A new AA development in efforts to combat “range anxiety” associated with the use of electric vehicles is to be announced on Friday.

The AA has developed the electric equivalent of “a gallon in a tank” – a mobile fast charger that can give stranded drivers a boost to get them back on the road.

Up to now those who run out of power in an electric vehicle need to have it taken to a charging point on the back of a lorry.

The deployment of mobile fast chargers comes as the Oireachtas Committee on Climate Action and Environment calls for further incentives including bigger grants for electric vehicles.

The AA commissioned the technology from Australian company Club Logistics Solutions in an attempt to address concerns of motorists about potentially running out of power in remote locations.

Although standard battery electric vehicles now come with claimed ranges of about 278km for the Hyundai Ioniq or 370km for the Nissan Leaf and up to 500km for the Tesla Model 3, Irish sales have been slow, with range anxiety said to be a major factor.


The island of Ireland has some 1,100 electric charge points according to the ESB ecars website, some 87 of which are fast chargers, which tend to be spread out along the motorways and can typically charge a car to 80 per cent in under 30 minutes.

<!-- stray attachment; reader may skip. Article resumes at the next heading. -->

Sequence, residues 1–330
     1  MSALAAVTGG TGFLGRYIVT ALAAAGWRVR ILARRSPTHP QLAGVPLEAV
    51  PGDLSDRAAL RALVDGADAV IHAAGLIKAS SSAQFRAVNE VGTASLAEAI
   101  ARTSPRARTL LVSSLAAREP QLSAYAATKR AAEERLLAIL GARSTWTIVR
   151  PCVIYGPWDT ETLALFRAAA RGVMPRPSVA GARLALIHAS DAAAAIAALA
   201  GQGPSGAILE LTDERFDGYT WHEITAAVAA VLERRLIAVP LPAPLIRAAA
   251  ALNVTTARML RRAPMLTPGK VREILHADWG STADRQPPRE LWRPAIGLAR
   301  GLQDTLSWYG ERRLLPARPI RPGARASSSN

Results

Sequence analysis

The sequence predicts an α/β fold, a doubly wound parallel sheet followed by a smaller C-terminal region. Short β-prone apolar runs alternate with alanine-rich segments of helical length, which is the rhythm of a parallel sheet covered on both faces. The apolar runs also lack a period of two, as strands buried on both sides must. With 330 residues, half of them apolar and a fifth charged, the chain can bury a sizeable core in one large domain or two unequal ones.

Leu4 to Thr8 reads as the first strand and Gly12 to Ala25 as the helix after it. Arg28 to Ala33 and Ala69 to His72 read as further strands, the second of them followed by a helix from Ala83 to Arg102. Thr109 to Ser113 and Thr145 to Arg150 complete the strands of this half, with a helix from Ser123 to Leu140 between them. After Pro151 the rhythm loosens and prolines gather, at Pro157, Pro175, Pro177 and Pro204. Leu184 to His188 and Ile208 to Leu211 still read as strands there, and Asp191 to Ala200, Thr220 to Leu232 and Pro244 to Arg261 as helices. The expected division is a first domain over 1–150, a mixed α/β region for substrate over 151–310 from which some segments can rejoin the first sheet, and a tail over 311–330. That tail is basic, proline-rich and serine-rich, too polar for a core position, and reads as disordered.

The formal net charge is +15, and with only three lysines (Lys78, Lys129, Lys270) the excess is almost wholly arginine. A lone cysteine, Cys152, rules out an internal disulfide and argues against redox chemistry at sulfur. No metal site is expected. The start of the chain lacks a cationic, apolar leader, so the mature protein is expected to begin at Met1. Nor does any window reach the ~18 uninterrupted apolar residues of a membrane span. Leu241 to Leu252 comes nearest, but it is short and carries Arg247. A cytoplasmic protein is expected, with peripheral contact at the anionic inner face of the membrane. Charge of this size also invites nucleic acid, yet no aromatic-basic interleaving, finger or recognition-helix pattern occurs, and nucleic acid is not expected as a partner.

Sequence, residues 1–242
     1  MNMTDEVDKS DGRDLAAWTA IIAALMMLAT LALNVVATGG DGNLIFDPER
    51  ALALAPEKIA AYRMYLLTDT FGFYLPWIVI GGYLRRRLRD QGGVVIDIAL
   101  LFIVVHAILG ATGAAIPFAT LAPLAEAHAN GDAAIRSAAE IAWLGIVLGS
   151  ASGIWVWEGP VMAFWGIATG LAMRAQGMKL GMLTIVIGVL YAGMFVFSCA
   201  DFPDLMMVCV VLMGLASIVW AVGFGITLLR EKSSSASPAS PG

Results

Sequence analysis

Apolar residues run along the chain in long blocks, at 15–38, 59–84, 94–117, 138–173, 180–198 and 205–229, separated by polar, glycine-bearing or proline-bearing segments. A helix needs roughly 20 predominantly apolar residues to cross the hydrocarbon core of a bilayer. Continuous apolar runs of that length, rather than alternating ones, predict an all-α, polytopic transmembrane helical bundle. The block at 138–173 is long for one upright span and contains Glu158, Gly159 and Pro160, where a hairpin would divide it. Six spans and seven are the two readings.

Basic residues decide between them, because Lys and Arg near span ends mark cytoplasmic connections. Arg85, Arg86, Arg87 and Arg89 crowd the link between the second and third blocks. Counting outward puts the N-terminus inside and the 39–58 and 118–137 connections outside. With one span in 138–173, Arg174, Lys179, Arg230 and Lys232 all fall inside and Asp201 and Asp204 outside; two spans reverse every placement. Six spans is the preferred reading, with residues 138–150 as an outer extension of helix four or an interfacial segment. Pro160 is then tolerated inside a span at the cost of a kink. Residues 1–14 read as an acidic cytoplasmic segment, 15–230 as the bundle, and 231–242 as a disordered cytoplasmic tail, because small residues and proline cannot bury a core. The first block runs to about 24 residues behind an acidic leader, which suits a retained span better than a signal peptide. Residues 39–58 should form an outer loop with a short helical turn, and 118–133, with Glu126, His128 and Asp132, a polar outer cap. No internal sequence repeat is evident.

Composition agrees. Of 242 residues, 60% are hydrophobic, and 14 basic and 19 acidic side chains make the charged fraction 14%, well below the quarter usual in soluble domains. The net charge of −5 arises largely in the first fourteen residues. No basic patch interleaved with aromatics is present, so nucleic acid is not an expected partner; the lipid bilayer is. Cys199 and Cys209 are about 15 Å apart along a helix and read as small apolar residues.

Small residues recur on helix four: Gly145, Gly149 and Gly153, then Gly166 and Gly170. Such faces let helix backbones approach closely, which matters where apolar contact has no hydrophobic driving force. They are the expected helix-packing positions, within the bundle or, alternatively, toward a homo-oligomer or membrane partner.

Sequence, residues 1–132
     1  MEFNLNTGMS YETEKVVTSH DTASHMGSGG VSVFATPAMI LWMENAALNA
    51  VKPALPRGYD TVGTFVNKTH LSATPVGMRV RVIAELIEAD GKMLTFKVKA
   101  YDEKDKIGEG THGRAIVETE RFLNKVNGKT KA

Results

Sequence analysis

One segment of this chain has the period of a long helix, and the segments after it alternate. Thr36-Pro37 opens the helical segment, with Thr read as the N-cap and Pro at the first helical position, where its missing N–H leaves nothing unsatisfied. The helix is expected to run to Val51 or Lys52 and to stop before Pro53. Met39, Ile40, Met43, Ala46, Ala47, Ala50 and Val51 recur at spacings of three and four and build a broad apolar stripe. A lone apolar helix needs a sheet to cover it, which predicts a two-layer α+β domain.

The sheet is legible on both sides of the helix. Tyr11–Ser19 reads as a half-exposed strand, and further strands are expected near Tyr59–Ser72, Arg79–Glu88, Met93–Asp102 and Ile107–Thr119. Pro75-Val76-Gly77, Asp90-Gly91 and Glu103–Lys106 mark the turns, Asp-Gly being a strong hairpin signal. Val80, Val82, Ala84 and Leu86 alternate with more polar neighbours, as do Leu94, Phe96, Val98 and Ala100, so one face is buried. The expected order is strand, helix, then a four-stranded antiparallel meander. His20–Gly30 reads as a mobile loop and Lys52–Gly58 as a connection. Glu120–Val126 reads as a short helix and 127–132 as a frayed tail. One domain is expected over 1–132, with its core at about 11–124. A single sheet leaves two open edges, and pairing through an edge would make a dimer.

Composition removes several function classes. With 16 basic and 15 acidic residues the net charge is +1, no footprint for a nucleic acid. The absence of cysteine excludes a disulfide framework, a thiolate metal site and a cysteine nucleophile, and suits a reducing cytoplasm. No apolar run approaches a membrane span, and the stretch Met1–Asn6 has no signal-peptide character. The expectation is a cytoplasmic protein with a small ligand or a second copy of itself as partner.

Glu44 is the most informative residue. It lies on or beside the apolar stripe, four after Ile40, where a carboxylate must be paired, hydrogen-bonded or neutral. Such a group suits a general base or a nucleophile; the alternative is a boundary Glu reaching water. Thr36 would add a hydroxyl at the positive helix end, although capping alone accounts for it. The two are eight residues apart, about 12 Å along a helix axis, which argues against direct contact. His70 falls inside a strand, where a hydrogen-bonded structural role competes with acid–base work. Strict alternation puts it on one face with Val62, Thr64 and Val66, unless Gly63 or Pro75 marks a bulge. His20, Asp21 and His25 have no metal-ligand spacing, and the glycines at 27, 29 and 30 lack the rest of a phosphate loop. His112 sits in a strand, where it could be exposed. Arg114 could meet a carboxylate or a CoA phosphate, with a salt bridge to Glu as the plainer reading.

But not all cars use the same plugs and in parts of the northwest particularly some types of chargers can be rare. In addition some counties have a dearth of fast chargers. The ESB ecars map lists just one fast charger in Co Kerry, for example. Standard chargers can take several hours to charge a car.

The first of their kind in Europe, the mobile charging units are powered directly by the AA Rescue Van as opposed to a separate generator.

On average, the AA will be able to provide an electric vehicle with approximately 15 per cent of full battery charge in just 20 minutes, allowing the motorist to then proceed to the nearest charging point.




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